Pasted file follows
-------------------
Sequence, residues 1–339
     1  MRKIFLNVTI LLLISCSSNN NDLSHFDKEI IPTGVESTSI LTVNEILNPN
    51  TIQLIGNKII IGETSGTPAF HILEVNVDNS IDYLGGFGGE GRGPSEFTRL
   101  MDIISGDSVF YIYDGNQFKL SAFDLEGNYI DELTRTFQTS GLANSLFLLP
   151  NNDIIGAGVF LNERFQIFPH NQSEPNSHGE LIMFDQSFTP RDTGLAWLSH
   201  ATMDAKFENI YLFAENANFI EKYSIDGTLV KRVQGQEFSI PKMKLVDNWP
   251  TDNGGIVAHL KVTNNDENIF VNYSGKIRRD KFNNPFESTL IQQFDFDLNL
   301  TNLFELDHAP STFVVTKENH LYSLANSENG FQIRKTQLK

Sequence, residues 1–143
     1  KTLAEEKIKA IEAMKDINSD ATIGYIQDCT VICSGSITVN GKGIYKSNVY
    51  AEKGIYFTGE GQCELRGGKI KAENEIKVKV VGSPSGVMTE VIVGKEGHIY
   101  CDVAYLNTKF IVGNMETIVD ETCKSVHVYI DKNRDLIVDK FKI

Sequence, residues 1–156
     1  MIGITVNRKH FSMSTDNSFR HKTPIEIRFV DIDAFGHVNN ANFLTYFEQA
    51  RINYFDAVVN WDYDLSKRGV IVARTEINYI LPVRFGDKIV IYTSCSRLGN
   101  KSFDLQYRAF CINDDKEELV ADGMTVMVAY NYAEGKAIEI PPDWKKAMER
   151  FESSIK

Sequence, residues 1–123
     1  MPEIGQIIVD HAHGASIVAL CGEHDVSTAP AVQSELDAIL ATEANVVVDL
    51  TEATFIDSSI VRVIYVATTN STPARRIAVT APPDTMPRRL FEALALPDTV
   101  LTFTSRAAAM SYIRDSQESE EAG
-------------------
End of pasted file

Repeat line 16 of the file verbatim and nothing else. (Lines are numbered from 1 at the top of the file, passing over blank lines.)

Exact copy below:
   101  KSFDLQYRAF CINDDKEELV ADGMTVMVAY NYAEGKAIEI PPDWKKAMER